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A San Francisco Zoo penguin named Captain EO, admired for having the personality of a sophisticated older gentleman, has died, zoo officials said.

He was an estimated 40 years old. The cause of death was not given.

Captain EO was the last of the founding members of the zoo’s Magellanic colony and was one of the oldest penguins under human care. He lived an estimated 10 to 20 years past his normal life expectancy.

“Captain EO was truly a legend and a penguin that has seen generations of penguins succeed him,” said Tanya Peterson, CEO and executive director of the San Francisco Zoological Society.

“This is an animal that was much beloved by years of penguin caretakers, allowed innovations in the care of geriatric penguins, was known by penguin aficionados worldwide and adored by millions of zoo visitors since his arrival in 1984,” Peterson said.

Captain EO arrived at penguin island at the San Francisco Zoo that year, along with 51 other wild Magellanic penguins. The zoo had just created a habitat for the penguins through the conversion of a 200-foot-long outdoor pool, replicating the coastal shores of their native Chile and Argentina.

“He was a dedicated partner to his longtime mate, a defender of his burrow and with animal care staff, he did not partake in the usual shenanigans of stealing fish from others, or pushing his way through the crowd for fish.”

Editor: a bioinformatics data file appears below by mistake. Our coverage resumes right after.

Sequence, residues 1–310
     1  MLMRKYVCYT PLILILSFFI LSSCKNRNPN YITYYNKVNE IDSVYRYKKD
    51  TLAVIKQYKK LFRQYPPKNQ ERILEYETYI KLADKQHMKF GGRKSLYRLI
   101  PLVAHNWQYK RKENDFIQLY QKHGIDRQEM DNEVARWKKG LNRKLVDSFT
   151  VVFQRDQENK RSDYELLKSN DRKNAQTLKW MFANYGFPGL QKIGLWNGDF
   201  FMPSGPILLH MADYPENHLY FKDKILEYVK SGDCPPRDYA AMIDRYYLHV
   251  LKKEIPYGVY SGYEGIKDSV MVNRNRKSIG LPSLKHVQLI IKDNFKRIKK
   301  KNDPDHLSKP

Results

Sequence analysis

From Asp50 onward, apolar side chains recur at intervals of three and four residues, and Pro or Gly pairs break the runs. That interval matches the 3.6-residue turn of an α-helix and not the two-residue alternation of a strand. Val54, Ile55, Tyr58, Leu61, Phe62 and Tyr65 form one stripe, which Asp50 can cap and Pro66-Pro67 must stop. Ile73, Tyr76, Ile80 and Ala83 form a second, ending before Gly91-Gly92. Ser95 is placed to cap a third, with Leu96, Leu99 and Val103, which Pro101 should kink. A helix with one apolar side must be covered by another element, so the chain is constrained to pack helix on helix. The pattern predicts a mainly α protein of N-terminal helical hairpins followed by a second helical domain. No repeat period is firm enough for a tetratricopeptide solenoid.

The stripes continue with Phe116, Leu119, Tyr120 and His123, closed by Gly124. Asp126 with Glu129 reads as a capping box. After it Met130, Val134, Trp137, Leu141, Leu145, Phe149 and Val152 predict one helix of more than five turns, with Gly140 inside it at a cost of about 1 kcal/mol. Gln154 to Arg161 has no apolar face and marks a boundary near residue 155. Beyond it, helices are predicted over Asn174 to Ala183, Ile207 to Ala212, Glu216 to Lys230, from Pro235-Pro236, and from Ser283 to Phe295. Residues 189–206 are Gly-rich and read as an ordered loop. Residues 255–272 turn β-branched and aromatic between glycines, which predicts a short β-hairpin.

Quinn Brown, San Francisco Zoo

Captain EO’s name came from a character in a Michael Jackson-themed Disneyland attraction.

Before his death, the captain had 26 offspring. He has 31 grandchildren and eight great-grandchildren. Many are in zoos and aquariums across the United States.

As he got older, he required specialized care because he lost most of his eyesight and hearing. The required care included making him feel comfortable as he ate among his peers.

“He was a dedicated partner to his longtime mate, a defender of his burrow and with animal care staff, he did not partake in the usual shenanigans of stealing fish from others, or pushing his way through the crowd for fish,” said Quinn Brown, assistant curator of birds, who worked with Captain EO for more than 20 years.

“Instead, he would quietly and politely sit on the rocky beach and wait his turn for his meal, then go out for a swim or home,” Brown said.

Brown added that the captain represents a part of San Francisco Zoo history and the world of penguins that must be remembered. He inspired guests and caretakers alike, Brown said.

“He was one-of-a-kind,” Brown said.